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The submission of the Steve Oronsaye report to the Secretary to the Federal Government, Boss Mustapha last week Friday is beginning to unsettle nerves in the nation’s aviation industry.
Not a few thought that the Federal Government had jettisoned the controversial decision to merge many of the Ministry, Department, or Agency (MDAs) to save costs.
The Oronsaye committee last year made recommendations in its report that many government agencies, ministries, and departments serve as duplications of offices, recommending that many of them should be merged.
Similarly, the committee recommended that the Nigerian Civil Aviation Authority (NCAA), the Nigerian Airspace Management Agency (NAMA), and the Nigerian Meteorological Agency (NiMet) be merged into a body known as Federal Civil Aviation Authority, saying this could save the government over N97.9bn.
The committee recommended that the Federal Airports Authority of Nigeria (FAAN) be fully privatized, hinting that this would save Nigeria at least N93.5bn in recurrent and capital expenditure going by FAAN’s 2022 budget.
However, some top officials who spoke to Aviation Metric under strict condition of anonymity because of fear of reprimand said the decision would bring back the sector to the old days when aircraft were falling from the sky because of regulatory overlaps with other bodies fused together with an agency that should have been saddled with just regulatory oversight.
Some stakeholders spoke in a similar vein, saying what the Federal Government intends to save by merging the agencies, it would lose enormously with the dwindling fortune of the sector after the merger and going against international aviation bodies which saw the need to separate aviation regulation from service provision.
This is coming amid the decision of President Muhammadu Buhari to implement the report of Steve Oronsaye Committee report.
One of them said, “I don’t know why other aviation stakeholders and aviation professionals are not talking particularly pilots, air traffic controllers, and aircraft safety engineers. Federal Civil Aviation Authority (FCAA) was tried as both service provider and regular in the early 1990s, and it was a disaster.”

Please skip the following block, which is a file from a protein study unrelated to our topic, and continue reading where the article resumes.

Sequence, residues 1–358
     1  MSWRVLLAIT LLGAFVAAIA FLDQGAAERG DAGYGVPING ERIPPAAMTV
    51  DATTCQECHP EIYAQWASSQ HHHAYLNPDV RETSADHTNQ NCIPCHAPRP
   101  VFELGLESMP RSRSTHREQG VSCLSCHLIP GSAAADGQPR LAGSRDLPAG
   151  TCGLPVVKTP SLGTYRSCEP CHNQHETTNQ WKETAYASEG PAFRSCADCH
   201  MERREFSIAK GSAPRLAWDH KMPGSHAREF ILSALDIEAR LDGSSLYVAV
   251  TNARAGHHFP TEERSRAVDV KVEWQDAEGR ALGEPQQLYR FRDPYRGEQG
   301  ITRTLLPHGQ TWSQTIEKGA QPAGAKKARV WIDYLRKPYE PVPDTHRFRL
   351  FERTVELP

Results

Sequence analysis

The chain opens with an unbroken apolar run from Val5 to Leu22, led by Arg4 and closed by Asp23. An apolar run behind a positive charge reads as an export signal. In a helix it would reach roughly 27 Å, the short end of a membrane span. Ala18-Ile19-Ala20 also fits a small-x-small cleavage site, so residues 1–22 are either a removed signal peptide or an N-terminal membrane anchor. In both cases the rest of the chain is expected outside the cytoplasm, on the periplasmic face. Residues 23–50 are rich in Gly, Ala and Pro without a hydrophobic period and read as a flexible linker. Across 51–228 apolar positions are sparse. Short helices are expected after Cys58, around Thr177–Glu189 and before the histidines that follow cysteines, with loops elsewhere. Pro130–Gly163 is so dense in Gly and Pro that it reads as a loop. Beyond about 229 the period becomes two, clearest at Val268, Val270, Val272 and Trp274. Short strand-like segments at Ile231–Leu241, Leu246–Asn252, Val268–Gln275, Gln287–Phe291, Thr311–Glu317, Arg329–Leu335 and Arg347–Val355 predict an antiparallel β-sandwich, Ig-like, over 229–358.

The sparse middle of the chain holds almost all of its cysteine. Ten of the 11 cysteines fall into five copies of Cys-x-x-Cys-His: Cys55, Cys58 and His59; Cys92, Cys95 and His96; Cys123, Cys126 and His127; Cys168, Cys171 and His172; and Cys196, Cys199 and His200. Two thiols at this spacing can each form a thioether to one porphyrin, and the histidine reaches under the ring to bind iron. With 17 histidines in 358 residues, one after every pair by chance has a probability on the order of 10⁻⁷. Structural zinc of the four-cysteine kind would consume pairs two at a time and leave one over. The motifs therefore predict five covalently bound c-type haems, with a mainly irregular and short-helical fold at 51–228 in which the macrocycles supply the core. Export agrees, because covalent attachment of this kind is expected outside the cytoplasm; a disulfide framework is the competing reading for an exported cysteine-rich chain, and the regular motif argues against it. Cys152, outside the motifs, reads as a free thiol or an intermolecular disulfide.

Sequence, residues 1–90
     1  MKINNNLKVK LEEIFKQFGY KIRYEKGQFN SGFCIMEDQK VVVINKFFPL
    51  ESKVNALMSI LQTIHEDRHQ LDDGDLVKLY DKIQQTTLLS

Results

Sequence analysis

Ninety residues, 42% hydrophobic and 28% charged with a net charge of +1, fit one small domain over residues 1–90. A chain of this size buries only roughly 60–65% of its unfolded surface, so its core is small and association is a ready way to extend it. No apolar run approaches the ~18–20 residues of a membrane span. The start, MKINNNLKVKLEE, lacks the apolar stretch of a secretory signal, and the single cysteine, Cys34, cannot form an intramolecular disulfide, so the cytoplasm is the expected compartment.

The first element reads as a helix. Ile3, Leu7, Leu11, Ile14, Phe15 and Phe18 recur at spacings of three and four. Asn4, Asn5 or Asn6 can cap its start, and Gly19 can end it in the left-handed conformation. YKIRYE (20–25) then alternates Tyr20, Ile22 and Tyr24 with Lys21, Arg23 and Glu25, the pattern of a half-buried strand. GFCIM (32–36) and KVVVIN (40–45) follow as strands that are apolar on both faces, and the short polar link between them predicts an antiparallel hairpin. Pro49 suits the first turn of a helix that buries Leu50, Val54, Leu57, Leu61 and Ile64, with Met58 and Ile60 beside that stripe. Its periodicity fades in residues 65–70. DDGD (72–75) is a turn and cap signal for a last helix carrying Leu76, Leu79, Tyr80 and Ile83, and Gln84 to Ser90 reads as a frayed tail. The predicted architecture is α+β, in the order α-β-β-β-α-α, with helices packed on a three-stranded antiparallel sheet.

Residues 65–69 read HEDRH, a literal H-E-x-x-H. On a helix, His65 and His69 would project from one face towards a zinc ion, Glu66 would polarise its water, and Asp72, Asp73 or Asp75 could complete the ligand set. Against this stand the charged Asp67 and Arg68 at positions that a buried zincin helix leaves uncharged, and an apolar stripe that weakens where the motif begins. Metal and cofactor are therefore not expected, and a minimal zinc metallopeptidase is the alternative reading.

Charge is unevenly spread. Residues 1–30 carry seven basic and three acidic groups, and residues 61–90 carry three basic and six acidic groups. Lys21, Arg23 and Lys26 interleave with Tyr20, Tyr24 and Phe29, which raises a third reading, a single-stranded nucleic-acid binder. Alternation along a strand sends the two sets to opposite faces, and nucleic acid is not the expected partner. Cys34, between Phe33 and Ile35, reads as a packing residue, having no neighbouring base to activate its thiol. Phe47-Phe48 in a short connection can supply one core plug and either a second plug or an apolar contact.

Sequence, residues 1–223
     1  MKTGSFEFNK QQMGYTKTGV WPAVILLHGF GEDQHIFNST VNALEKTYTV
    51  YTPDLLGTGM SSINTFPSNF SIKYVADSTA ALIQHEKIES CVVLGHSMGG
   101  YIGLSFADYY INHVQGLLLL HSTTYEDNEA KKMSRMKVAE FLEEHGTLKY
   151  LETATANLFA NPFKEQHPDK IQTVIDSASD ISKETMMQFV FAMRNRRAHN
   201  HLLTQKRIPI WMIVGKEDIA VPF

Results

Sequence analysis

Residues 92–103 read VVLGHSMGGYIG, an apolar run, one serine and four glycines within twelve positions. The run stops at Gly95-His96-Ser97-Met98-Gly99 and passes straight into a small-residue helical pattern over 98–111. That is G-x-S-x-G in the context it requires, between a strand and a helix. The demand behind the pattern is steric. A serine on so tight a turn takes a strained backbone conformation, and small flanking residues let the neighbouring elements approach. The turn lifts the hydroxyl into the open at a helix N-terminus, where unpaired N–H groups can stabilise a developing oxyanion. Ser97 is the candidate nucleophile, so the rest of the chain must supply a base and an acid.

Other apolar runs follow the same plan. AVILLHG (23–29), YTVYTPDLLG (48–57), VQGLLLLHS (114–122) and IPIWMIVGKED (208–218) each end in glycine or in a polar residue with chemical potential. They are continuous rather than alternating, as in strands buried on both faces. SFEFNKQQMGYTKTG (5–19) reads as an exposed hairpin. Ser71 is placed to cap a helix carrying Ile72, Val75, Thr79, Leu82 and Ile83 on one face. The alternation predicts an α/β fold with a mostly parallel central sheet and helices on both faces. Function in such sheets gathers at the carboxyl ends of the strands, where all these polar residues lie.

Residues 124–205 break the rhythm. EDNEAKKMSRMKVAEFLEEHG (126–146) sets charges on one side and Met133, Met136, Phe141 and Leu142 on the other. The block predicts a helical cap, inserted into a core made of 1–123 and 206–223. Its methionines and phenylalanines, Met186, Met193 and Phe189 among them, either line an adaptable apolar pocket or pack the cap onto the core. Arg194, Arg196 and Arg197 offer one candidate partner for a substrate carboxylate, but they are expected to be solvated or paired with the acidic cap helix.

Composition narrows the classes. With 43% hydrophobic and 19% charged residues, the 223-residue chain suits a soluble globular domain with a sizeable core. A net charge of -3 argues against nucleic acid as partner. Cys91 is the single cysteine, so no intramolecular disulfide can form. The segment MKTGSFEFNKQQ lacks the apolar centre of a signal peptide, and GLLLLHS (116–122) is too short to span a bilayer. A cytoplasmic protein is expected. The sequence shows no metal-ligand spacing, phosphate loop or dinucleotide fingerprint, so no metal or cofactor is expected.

“The negative effects of that faulty decision manifested in 2004-2006 when airplanes started dropping out of the sky due to weak and ineffective regulatory activities over the airline operators. The airlines became self-regulated. It was a disaster which must not be allowed to repeat itself”.
They called on the Federal Government to save the aviation industry by strengthening and empowering NCAA and not burying it and replacing it with potential air disasters.
They argued against the merger plan on the premise that it negated the regulations of the International Civil Aviation Organisation (ICAO), which prescribed the separation of the operations of service providers from that of a regulator.
In this situation, merging NCAA, the country’s regulatory body with NAMA and NiMET, service providers will lead to a conflict of duties and subsequently create a dangerous lacuna in the running of aviation policies. In other words, since the separation of provision from regulation is in consonance with the principles of good governance, the oversight function of the NCAA must be seen as independent and transparent.
The Oronsaye committee was constituted in 2014 by former President Goodluck Jonathan’s administration to prune down what was called the bloated number of government agencies and parastatals and to seek ways of cutting the cost of governance in the country.
After several deliberations, the committee came up with an 800-page report, recommending the abolishment and merging of 102 government agencies and parastatals.